report on the coordination chemistry and accompanying
electrochemical properties of a new class of vitamin B12
mimics in which a peptide linker tethers the corrin macrocycle
to the Dmbz base.
Krutler et al. demonstrated in an elegant study that a
single methyl group quite distant from the coordination site
stabilizes the base-on form of natural Cbls, as had been
predicted earlier by Eschenmoser et al.[11, 14] In another
pioneering study, Toraya and Ishida replaced the a-ribofuranotide moiety in vitamin B12 with “methylene bridges” of
different length.[12]
With a view toward future biological applications, we are
interested in the development of artificial derivatives of
[*] K. Zhou, Dr. F. Zelder
Institute of Inorganic Chemistry, University of Zurich
Winterthurerstrasse 190, 8057 Zurich (Switzerland)
Fax: (+ 41) 446-356-802
E-mail: zelder@aci.uzh.ch
[**] We thank R. Alberto, A. Eschenmoser, T. Fox, and O. Zerbe for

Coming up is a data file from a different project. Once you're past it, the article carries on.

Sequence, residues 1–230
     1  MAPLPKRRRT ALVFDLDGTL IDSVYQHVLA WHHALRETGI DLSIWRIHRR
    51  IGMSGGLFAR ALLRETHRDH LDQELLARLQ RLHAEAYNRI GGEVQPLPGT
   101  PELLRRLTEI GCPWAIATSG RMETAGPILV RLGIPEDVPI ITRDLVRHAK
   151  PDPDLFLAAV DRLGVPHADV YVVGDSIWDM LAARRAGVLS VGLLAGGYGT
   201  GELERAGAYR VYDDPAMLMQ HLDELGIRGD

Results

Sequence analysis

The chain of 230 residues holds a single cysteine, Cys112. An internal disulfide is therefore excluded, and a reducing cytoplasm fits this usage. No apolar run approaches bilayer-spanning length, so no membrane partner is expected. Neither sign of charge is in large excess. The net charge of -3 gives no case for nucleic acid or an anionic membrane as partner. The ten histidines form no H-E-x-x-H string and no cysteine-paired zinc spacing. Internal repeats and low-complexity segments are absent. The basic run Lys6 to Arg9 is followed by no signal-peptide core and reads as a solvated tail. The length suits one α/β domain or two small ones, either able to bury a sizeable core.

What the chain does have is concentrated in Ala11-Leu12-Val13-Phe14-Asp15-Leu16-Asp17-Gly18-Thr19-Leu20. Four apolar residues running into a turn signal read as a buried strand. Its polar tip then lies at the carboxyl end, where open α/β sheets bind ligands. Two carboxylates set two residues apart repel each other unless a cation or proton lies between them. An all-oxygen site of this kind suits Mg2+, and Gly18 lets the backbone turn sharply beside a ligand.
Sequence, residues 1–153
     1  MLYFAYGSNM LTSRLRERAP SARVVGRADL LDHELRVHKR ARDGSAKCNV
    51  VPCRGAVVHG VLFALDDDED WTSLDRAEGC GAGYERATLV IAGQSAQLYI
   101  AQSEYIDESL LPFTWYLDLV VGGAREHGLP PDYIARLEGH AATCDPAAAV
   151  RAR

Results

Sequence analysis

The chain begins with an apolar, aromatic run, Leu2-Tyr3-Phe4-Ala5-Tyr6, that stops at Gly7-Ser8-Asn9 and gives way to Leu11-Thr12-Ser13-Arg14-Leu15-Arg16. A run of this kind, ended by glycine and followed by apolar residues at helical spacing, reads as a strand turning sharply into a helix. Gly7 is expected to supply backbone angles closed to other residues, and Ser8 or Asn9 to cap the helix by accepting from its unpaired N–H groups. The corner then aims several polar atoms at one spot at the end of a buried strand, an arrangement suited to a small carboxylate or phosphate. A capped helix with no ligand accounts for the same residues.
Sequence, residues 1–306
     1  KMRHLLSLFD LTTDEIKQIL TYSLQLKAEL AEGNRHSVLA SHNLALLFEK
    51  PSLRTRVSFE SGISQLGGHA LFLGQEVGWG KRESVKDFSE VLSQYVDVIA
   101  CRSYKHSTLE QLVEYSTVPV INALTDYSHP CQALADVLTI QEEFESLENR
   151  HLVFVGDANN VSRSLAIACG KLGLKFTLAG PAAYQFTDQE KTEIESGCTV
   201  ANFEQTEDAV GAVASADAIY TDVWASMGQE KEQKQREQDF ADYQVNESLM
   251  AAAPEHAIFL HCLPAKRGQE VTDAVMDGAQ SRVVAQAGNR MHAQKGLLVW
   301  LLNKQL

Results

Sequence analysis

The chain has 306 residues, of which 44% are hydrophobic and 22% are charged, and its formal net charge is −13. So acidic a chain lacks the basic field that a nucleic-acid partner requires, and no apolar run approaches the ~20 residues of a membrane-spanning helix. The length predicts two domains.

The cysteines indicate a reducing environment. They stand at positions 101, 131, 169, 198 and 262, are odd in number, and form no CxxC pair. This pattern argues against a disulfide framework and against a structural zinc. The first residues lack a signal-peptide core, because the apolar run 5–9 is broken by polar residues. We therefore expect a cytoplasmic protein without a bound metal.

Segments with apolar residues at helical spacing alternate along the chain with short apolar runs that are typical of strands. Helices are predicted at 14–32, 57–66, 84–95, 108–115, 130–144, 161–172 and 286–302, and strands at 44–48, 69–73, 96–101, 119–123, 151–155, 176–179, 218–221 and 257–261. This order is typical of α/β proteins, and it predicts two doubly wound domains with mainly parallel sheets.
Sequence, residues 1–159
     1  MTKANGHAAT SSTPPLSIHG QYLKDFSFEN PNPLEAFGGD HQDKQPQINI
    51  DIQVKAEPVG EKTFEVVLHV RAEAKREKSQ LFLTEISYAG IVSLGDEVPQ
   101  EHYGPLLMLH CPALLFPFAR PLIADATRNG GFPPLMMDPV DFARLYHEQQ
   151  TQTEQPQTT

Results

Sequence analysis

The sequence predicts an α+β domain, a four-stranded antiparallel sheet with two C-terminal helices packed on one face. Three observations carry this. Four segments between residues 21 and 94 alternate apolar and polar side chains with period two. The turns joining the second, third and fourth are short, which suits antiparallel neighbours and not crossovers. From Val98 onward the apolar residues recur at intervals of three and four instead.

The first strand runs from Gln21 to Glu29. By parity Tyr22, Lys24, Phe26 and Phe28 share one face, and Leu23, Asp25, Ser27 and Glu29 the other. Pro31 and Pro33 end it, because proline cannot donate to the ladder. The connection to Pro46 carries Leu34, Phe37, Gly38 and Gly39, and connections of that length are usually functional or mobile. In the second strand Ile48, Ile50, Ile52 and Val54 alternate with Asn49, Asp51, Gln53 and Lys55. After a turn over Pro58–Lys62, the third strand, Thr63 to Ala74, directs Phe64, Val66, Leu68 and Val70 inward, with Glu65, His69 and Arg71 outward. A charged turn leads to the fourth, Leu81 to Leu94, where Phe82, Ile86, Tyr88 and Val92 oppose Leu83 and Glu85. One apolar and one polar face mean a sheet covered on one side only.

helpful discussions and L. Bigler for recording the HR-ESI-MS
spectra. A generous gift of vitamin B12 from DSM Nutritional
Products AG (Basel/Switzerland) is acknowledged. This work was
supported by the Swiss National Science Foundation (grant no.
200021-117822).
Supporting information for this article is available on the WWW
under http://dx.doi.org/10.1002/anie.201001928.
5178
vitamin B12 with tuneable coordination and electrochemical
properties. We decided to investigate the replacement of the
ribose phosphodiester moiety of vitamin B12 with peptide
structures containing the same number of atoms between the
corrin macrocycle and the nitrogen donor of the Dmbz base
(Scheme 1), because amides have already been excellent
Scheme 1. Structural formula of vitamin B12 (1) and the peptide B12